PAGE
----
It doesn’t matter if the earth sways in Chile, Alaska or Japan, the formation of the sea floor along the U.S. West Coast generally aims any tsunami surges at the tiny California port town of Crescent City. Churning water rushes into the boat basin and then rushes out, lifting docks off their pilings, tearing boats loose and leaving the city’s main economic engine looking as if it has been bombed.
That’s what happened in March 2011, when a Japanese earthquake sparked a tsunami that sank 11 boats, damaged 47 others and destroyed two-thirds of the harbor’s docks.
Port officials are hoping that tsunami is among the last of many that have forced major repairs in Crescent City, a tiny commercial fishing village on California’s rugged northern coast. Officials are spending $54 million to build the West Coast’s first harbor able to withstand the kind of tsunami expected to hit once every 50 years – the same kind that hit in 2011, when the highest surge in the boat basin measured 8.1 feet (2.5 meters) and currents were estimated at 22 feet (6.7 meters) per second.
Officials are building 244 new steel pilings that will be 30 inches (76 centimeters) in diameter and 70 feet (21 meters) long. Thirty feet (9 meters) or more will be sunk into bedrock. The dock nearest the entrance will be 16 feet (5 meters) long and 8 feet (2.4 meters) deep to dampen incoming waves. The pilings will extend 18 feet (5.5 meters) above the water so that surges 7 1/2 feet (2.3 meters) up and 7 1/2 feet down will not rip docks loose.
Crescent City was not the only West Coast port slammed by the tsunami, which was generated by a magnitude-9.0 earthquake in Japan. The waves ripped apart docks and sank boats in Santa Cruz, California, and did similar damage in Brookings, Oregon, just north of Crescent City. But their geographical location doesn’t make them as vulnerable to multiple tsunamis.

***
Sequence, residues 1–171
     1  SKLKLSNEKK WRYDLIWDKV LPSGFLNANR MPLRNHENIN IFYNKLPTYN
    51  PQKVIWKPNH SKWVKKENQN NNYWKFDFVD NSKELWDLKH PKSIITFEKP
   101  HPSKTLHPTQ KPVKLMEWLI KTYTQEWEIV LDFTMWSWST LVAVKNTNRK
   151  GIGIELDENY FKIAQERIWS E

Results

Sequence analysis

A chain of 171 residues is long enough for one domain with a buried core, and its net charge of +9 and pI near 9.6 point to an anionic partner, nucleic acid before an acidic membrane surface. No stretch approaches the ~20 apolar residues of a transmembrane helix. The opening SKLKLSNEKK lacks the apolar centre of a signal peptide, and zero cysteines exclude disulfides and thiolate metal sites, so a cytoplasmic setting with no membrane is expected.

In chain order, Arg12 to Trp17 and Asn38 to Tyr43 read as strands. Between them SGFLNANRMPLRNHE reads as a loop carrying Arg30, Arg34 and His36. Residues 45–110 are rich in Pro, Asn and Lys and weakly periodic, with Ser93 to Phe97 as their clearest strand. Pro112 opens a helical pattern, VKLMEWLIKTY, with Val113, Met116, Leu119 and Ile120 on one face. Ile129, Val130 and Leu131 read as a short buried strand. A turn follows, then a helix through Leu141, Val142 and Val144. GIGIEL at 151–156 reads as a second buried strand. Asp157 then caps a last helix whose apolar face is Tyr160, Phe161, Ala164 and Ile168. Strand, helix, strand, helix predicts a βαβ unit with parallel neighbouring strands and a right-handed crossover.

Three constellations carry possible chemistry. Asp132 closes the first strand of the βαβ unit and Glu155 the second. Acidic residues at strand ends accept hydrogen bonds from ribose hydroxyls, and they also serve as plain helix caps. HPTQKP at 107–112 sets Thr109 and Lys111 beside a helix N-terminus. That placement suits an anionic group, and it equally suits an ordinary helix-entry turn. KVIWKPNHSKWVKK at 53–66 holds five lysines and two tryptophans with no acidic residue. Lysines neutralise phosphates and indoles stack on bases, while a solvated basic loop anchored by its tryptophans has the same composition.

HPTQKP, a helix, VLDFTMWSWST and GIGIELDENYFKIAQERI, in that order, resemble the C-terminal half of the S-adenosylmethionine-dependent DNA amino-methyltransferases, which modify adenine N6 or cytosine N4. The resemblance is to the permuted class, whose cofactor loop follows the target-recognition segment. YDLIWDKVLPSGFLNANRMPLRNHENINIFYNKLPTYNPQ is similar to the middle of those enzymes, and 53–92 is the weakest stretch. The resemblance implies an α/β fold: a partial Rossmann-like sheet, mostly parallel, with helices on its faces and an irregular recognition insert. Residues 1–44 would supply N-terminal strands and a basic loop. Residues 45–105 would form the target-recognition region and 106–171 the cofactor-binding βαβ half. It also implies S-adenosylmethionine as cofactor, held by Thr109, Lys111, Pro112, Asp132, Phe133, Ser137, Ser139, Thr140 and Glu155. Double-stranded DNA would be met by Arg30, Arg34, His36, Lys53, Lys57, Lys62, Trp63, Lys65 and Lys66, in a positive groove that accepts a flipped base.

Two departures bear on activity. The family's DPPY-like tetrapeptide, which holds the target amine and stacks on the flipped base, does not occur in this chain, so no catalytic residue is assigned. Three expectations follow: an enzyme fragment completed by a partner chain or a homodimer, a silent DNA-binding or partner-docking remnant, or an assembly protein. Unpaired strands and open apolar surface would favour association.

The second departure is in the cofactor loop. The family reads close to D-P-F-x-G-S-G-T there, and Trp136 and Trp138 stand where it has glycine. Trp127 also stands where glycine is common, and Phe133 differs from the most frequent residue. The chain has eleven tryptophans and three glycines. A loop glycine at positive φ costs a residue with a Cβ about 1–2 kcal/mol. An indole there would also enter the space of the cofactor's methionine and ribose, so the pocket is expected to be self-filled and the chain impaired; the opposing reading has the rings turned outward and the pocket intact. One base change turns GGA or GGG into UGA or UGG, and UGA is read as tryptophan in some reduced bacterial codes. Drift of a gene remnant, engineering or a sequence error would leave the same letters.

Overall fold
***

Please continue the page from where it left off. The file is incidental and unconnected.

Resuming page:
“Normally, Crescent City takes the hit for all of us,” said Brookings harbormaster Ted Fitzgerald.
Since a tidal gauge was installed in the boat basin in 1934, this small port has been hit by 34 tsunamis, large and small. It typically suffers the most damage and the highest waves on the West Coast, said Lori Dengler, professor of geology at Humboldt State University.
The sea floor funnels surges into the mouth of Crescent City’s harbor, and the harbor’s configuration magnifies them, experts say.
A wave generated by an earthquake in Alaska on Good Friday, 1964, killed 11 people and wiped out 29 city blocks. That was 10 years before the boat basin was even built.
When the waves hit in 2011, the port was still repairing damages from a tsunami that hit in 2006. Officials already had a plan for dealing with future tsunamis, said Ward Stover, owner of Stover Engineering in Crescent City, which put together the plan.
With no tsunami building codes, Stover said the state of California and Crescent City decided to prepare for the kind of tsunami expected to hit every 50 years. They rejected as too expensive building a tidal gate to close off the mouth of the harbor or trying to survive a powerful tsunami like the one that hit in 1964. Instead, they planned to make the docks strong enough to ride out the most likely surges.
“It’s tsunami-resistant, not tsunami-proof,” Stover said.
Construction has been marked by one delay after another. Government funding was slow, and a custom-built drill bit for installing the extra-strength pilings deep in bedrock broke. So authorities switched to installing temporary docks the old-fashioned way, by pounding in the pilings, to get them through the winter. Many of the 60 commercial fishing boats based in Crescent City are still mooring in the outer harbor. Others have to make do without water or electricity.
The March 2011 tsunami was a wake-up call for communities up and down the West Coast. Many improved tsunami evacuation plans and held mock evacuations.
But some experts say the West Coast is still not taking the threat seriously enough.
“Many ports on the West Coast are in denial as to their tsunami hazard,” said Costas Synolakis, professor of civil and environmental engineering and director of the Tsunami Research Center at the University of Southern California.